Missing ship headed into Atlantic: Maltese officials

A merchant cargo ship that disappeared off the coast of France two weeks ago is headed out into the Atlantic Ocean, maritime officials said, reinforcing the likelihood that it has been hijacked.
Russian warships were ordered to join the hunt for the Arctic Sea, a 4000-tonne bulk carrier with a 15-strong Russian crew that went missing shortly after passing through the Dover Strait between France and Britain late last month.
The Maltese-registered, Finnish-chartered vessel was sailing from Finland to the Algerian port of Bejaia, where it was due to have docked on Aug. 4 with a $1.3-million (about R10.4 million) load of timber.
“It would appear that the ship has not approached the Straits of Gibraltar, which indicates that the ship is headed out into the Atlantic Ocean,” the Malta Maritime Authority, which has been tracking the vessel, said in a statement.
If the vessel has been seized by hijackers it is possible they intend to use it as an unregistered “ghost ship”, maritime experts said, or pirates may be trying to test security levels in northern European waters, some of the world’s busiest.
Britain’s Maritime and Coastguard Agency said the Arctic Sea last made radio contact on July 28 as it entered the Dover Strait. Shortly afterwards its transponder, which transmits an electronic location signal, was switched off.
The vessel’s movements were last recorded on the AisLive ship tracking system off the coast of northern France on July 30, although it has also been spotted off Portugal.
The Malta Maritime Authority said it received reports it was boarded by men posing as police in Swedish waters on July 24.
The vessel was boarded by “eight to twelve persons allegedly masked and wearing uniforms bearing the word ‘police’ and armed with guns and pistols,” the Maltese authority said.
Crew members were assaulted, tied, gagged and blindfolded and some were seriously hurt, it said. They were also questioned about drug trafficking by those posing as police.
Swedish authorities have told Maltese officials that no Swedish law enforcement agencies were involved.
Concerned for the crew, Russian President Dmitry Medvedev ordered Russian naval ships operating in the Atlantic to join the hunt for the ship, Itar Tass news agency reported.
“Wild speculation”
An official at London-based watchdog the International Maritime Bureau (IMB), Cyrus Mody, said: “The vessel could have illegally deviated, it could have been hijacked and pirates are taking it to another location or it could be being used as a phantom ship, where its identity is changed.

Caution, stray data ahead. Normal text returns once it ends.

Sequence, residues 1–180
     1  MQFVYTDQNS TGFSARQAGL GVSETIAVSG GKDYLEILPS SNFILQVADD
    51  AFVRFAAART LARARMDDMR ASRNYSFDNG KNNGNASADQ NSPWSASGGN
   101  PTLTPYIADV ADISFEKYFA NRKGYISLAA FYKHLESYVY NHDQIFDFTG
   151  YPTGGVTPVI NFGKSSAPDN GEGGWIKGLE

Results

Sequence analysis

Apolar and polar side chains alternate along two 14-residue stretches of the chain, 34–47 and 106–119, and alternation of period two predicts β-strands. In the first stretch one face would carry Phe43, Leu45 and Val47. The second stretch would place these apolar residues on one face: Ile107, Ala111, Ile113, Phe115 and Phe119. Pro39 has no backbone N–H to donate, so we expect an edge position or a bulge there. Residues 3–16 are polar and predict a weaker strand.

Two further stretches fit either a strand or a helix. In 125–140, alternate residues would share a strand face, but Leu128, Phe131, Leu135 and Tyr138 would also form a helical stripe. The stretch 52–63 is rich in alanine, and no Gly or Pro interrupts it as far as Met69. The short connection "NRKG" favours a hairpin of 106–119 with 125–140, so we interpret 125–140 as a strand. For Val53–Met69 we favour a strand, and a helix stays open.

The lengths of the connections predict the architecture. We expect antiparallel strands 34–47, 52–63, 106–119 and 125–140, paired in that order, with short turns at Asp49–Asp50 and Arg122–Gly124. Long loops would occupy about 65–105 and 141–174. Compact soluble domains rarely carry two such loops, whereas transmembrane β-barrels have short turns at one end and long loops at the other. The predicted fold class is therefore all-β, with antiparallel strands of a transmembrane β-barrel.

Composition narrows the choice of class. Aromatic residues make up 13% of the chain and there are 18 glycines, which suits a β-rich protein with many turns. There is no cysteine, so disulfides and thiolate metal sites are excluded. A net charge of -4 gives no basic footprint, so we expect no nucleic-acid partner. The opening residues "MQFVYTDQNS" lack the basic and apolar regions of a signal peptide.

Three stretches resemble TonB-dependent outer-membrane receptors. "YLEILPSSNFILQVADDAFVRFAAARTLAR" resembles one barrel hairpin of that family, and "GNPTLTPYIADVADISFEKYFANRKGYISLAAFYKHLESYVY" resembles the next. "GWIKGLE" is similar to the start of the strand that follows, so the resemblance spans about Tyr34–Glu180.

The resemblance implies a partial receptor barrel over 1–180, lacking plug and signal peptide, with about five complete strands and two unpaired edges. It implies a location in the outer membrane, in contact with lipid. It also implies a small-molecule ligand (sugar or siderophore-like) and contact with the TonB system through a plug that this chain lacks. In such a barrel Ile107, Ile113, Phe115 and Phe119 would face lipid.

“We just have to wait to see if there is a ransom demand.”
Graeme Gibbon-Brooks, managing director of Dryad Maritime, an intelligence company specialising in piracy, said: “It is more likely that it would be an organised criminal gang that has chosen to target that vessel for a specific purpose.”
John Dalby, chief executive of MRM, which provides security personnel to merchant vessels, believed the ship was hijacked to gauge maritime security.
“It was purely a dress rehearsal,” he said. “This was an incursion designed to see what could be got away with, to test the authorities’ reactions.”
Seafarers’ union Nautilus International said the incident highlighted “glaring gaps” in security and that the shipping industry was the “Achilles heel of global security”.
“It is alarming that, in the 21st century, a ship can apparently be commandeered by hijackers and sail through the world’s busiest waterway with no alarm being raised and no naval vessel going to intercept it,” general secretary Mark Dickinson said.
Other experts were doubtful the ship had been seized.
UK Chamber of Shipping’s Jeremy Harrison said of possible piracy: “This is speculation running wild. Why would you attack and seize a small-to-medium sized cargo ship carrying wood of all things?”

Pic: Somali pirates